Helen Keller became deaf and blind after an illness before she was two years old. Years later, having overcome numerous challenges, she said: “Character cannot be developed in ease and quiet. Only through experience of trial and suffering can the soul be strengthened, ambition inspired, and success achieved.”
Joseph certainly had his share of suffering, and in this passage we begin to see how it changed him. Pharaoh sent for Joseph and brought him out of the prison. He said to Joseph, “I had a dream, and no one can interpret it. But I have heard it said of you that when you hear a dream you can interpret it” (v. 15). When he was younger, Joseph might have enthusiastically agreed. But years of suffering and responsibility taught him to acknowledge that his gifts and abilities came from God: “I cannot do it . . . but God will give Pharaoh the answer” (v. 16).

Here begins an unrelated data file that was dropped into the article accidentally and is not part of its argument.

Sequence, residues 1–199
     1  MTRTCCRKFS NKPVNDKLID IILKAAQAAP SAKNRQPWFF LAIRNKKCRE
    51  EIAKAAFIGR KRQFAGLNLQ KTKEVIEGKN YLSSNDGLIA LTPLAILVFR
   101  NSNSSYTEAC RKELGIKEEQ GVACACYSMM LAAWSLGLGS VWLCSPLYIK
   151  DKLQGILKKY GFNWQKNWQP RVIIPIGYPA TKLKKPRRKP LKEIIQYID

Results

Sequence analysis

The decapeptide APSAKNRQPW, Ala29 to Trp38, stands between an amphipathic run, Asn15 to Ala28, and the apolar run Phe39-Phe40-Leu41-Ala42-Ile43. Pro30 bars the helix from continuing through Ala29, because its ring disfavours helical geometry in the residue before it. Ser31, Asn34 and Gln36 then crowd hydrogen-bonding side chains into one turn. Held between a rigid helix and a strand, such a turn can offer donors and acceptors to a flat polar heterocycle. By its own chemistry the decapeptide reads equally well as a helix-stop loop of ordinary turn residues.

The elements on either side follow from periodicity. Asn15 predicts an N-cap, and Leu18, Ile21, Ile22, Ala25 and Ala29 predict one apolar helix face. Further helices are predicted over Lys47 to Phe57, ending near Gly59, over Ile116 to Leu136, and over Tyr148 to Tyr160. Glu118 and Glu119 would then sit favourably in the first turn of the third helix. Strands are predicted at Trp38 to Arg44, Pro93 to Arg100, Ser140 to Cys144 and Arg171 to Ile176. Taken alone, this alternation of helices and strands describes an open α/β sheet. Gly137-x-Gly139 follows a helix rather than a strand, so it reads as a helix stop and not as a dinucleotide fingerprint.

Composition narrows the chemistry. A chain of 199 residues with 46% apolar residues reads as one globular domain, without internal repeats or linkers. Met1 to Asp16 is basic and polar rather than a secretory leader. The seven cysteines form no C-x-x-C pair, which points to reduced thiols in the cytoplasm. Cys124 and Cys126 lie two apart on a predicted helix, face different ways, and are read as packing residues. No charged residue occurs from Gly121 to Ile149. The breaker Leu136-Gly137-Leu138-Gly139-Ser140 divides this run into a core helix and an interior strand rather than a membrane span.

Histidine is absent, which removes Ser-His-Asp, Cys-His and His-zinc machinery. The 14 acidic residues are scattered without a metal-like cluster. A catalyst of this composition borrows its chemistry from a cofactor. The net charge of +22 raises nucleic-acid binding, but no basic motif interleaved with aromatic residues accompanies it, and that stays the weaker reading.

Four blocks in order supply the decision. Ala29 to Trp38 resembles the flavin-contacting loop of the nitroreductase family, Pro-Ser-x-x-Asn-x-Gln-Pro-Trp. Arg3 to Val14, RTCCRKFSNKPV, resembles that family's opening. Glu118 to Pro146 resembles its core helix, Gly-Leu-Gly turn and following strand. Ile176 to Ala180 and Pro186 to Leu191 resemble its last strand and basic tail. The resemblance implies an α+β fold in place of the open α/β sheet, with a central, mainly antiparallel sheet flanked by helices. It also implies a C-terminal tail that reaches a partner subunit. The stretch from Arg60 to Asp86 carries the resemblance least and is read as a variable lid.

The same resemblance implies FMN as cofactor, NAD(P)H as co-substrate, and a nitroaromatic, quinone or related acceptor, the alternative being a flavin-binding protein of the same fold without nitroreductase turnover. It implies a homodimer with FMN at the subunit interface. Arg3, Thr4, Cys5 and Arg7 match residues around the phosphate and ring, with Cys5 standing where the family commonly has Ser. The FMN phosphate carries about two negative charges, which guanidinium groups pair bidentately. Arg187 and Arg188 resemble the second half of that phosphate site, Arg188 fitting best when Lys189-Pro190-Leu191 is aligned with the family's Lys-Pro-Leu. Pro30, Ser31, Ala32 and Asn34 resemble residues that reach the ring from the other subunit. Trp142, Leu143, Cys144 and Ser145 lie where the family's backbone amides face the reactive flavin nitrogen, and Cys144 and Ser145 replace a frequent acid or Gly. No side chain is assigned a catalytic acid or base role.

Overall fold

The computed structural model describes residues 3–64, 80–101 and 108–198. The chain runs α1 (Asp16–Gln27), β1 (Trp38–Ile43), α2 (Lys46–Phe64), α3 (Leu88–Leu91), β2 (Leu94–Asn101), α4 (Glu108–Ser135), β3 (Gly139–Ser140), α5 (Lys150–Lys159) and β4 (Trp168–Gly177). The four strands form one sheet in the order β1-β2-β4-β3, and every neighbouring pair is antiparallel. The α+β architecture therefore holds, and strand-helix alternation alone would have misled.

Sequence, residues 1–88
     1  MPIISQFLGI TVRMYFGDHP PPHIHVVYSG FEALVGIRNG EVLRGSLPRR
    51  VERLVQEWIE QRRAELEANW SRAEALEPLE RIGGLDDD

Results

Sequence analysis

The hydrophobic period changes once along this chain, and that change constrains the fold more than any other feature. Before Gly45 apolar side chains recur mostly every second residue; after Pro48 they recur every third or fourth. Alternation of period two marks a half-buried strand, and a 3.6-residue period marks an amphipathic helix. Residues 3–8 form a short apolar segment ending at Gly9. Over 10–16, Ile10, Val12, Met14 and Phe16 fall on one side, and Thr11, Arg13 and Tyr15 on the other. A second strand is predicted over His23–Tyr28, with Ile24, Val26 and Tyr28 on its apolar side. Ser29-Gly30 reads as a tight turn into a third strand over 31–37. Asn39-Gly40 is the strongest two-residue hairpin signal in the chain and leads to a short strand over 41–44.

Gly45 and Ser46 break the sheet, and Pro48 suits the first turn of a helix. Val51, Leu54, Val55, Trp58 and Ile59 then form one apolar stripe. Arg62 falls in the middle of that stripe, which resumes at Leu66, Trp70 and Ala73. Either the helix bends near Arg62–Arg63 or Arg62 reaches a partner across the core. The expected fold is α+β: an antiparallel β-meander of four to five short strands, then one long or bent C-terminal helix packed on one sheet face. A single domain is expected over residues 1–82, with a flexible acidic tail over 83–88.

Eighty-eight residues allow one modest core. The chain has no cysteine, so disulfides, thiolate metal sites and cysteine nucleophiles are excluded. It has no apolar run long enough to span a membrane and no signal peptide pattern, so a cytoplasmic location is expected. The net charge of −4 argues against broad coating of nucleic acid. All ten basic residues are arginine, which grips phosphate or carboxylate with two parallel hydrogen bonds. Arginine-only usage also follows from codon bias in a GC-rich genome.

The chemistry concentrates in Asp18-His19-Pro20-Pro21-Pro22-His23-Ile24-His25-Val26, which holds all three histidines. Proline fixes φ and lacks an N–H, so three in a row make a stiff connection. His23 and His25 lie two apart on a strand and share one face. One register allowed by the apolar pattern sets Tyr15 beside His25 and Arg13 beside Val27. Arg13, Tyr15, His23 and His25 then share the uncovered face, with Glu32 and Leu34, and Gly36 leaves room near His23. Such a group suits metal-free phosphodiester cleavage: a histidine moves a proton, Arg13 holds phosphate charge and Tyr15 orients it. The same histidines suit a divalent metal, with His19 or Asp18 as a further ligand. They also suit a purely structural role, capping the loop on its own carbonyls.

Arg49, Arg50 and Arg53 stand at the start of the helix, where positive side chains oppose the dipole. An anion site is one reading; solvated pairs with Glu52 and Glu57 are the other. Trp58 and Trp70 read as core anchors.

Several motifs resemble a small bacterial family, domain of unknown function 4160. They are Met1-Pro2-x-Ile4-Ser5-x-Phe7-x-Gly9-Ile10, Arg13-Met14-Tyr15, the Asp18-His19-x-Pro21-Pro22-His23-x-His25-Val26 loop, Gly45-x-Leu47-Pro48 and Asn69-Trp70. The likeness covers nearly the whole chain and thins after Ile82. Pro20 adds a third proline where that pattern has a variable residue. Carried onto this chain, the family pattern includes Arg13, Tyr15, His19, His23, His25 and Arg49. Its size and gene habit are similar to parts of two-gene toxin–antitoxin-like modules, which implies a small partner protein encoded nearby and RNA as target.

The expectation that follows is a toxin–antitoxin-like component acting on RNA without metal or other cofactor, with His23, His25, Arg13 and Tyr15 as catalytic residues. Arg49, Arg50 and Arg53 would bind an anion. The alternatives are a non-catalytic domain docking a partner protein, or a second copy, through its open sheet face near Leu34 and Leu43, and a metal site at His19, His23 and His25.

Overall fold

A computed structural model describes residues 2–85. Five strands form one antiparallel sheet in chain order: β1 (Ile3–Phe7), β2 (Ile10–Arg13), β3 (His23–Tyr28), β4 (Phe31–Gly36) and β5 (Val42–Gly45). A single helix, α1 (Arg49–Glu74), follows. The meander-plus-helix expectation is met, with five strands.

Pharaoh recounted his dreams for Joseph. He saw seven healthy and robust cows grazing by the river. These cows were then devoured by seven ugly and gaunt cows. Similarly, in another dream he saw seven healthy heads of grain. In a bizarre image, the healthy grains were eaten by seven thin heads of grain (vv. 22–24).
God gave Joseph the interpretation immediately. Both dreams foretold the same thing: seven years of plenty would be followed by seven years of famine. Notice how Joseph still directed praise toward God: “God has shown Pharaoh what he is about to do” (vv. 25, 28). Joseph’s ability to deliver a difficult message to a powerful ruler came from his deep conviction in the sovereignty of God. Throughout these verses, he continuously testifies that God is control, God is faithful to do what He says, and God is gracious to reveal His plan.
Mark Wagner, a longtime Moody trustee, stepped into the service as interim chief operating officer. Our prayer for him today is that he would be guided by the will of God for MBI and would follow the heart of God for His people.